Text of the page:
31/ 03 / 2006 - Doutrebente

An Exceptionnally Rare Yuan Jar - Sold 4.169.900,00 euros (with buyer’s premium) - (5.052.862,00 US$)

Sold 4.169.900,00 euros
(with buyer’s premium)

(5.052.862,00 US$)

Yuan Guan Jar

An Exceptionnally Rare and Highly Important Blue and White Yuan Guan Jar of globular shape with a cylindrical neck, painted with a vivid cobalt blue with four lions playing with two embroidered balls surrounded by the eight buddhist symbols ba ji xiang and the eight treasures ba bao.
The neck decorated with waves and the shoulder with ten lotus flowers supporting elements of both ba ji xiang and ba bao.
The underneath is unglazed.

Height. : 28,5 cm

(A very small hair crack on the neck).

Yuan Dynasty, circa 1350.


From the collection of an old aristocratic French family

元 十四世纪中期 青花四狮球纹八吉祥八宝莲花纹罐 高28.5 厘米

The present jar is of exception, it shows a certain number of the Yuan porcelain characteristics such as the cobalt blue of a deep and intense sapphire colour, full of shades and typical decorative elements : treasures and emblems, flamed pearls, inscribed in stylised lotus leaves and also the frieze of foamy waves, very close to those painted on the pair of vases from the Percival David Foundation dated 1351. However, the motif of the lion on a Guan type jar is absolutely unique. A similarly painted lion is found on a Yuan dish in the T. T. Tsui collection, Hong Kong, (R. Krahl, “The T.T. Tsui collection of Chinese Ceramics”, Orientations, December 1989, vol. 20, n° 12, p. 38, fig. 13).
A lion is also painted on the neck of a Meiping vase, in the Hopei Museum (Margaret Medley, Yuan Porcelain, 1974, pl. 39b, pp. 11, 151-153) and on a Zun type vase in the Arbedil Collection, Teheran, under n° A22, illustrated by T. Misugi, Chinese Porcelain Collections in the Near East. Topkapi and Ardebil, Hong Kong University Press, 1981, vol. I, p. 94.
The frieze on the shoulder, of lotus flowers, treasures and emblems linked to the flowers is unique as well.

Lion is an important animal in China although it not native to China. It would have been introduced in 87 AD as a present by king of Parthia to the Emperor Zhang. A Central Asian country known as Yuezhi gave another lion the following year. The first appearance of lion in Chinese art took place at the beginning of Han dynasty, most likely as a result of contacts with the relics of Assyria and Babylon but also as an element of Buddhist art, which then began to spread through China along the Silk Road.
For Buddhists, the lion is regarded as a protector of truth and a defender against evil, it is also an emblem of valour, courage, energy and wisdom as well as power and prestige.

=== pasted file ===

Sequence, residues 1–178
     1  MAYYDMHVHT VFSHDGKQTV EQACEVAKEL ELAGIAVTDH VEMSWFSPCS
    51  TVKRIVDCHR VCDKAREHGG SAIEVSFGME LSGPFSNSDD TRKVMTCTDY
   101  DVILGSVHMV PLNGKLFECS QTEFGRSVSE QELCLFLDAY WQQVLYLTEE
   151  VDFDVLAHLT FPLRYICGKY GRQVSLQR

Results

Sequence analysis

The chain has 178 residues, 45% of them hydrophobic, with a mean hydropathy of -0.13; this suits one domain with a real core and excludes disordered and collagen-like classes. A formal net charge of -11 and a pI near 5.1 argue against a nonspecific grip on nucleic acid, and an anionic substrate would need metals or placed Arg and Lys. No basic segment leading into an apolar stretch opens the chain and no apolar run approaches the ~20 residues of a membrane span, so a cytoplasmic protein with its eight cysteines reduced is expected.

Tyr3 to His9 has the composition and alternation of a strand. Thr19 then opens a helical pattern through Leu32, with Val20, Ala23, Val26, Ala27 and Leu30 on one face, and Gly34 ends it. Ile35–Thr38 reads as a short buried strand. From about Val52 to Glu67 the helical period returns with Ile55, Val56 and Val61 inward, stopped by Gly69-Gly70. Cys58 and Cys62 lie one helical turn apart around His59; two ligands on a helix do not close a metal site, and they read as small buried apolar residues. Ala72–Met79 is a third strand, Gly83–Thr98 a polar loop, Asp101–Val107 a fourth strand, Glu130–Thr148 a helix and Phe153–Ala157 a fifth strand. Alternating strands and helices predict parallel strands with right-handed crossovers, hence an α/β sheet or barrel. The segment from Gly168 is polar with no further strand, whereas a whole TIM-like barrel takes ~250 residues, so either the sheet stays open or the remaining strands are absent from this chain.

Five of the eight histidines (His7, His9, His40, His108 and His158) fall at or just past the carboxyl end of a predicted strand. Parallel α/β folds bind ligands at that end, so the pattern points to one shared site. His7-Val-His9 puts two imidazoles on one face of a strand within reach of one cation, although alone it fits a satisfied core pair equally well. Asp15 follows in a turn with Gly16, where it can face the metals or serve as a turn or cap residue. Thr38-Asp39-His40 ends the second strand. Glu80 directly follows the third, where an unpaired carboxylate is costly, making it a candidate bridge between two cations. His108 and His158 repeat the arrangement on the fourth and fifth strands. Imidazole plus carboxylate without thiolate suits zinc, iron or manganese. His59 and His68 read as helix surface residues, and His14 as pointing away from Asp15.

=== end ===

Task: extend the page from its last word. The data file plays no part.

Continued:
It is here depicted chasing an embroidered ball, symbol of the unity of the Empire and the union of Heaven and Earth.

For the first time in Chinese history, the country has been invaded by a foreign dynasty dominated by the Mongols who founded the Yuan dynasty (1279-1368). After the isolation of the Song dynasty, the Mongol emperors have rebuilt China’s sense of trading and cultural exchange. Concerning ceramics, they developed the blue and white porcelain and innovated the styles and forms.
Blue and white porcelain has been used for the first time by Persian potters in the 13th century, it has been adapted by the Mongol potters at the end of the 13th century. The cobalt used in blue and white ware was brought to China by the sea route from the Persian Gulf, that’s the reason why the first blue and white vessels were rather made in the South of China. The south market has been dominated by powerful Arab merchants who welcomed those new items for export.
The first blue and white Yuan vessels were decorated with moulded and blue designs, usually of very small size.
During the 14th century the potters brought the use of cobalt blue to its perfection ant the pieces become bigger. Blue and white ware has been appreciated in many places outside of China, especially in the Middle East.
It was seen as luxurious objects only buyable by high ranked officials and noble families. Those extraordinary powerful designs made the biggest banquet look even more splendid.
The pieces made for export, inspired by Persian porcelain, were usually big plates and vases with designs of auspicious symbols or religious elements. The eight treasures (ba bao) were often used to fill empty space. The colours vary from greyish blue to vivid purple blue. Chinese taste preferred rather monochrome pieces with underglaze moulded designs called shufu (imperial command), very near to the Song qingbai.
The designs were rather simple and realistic depicting lotus and dragons. Chinese vessels had different forms, because they were especially used for rituals or temples inspired by archaic bronzes.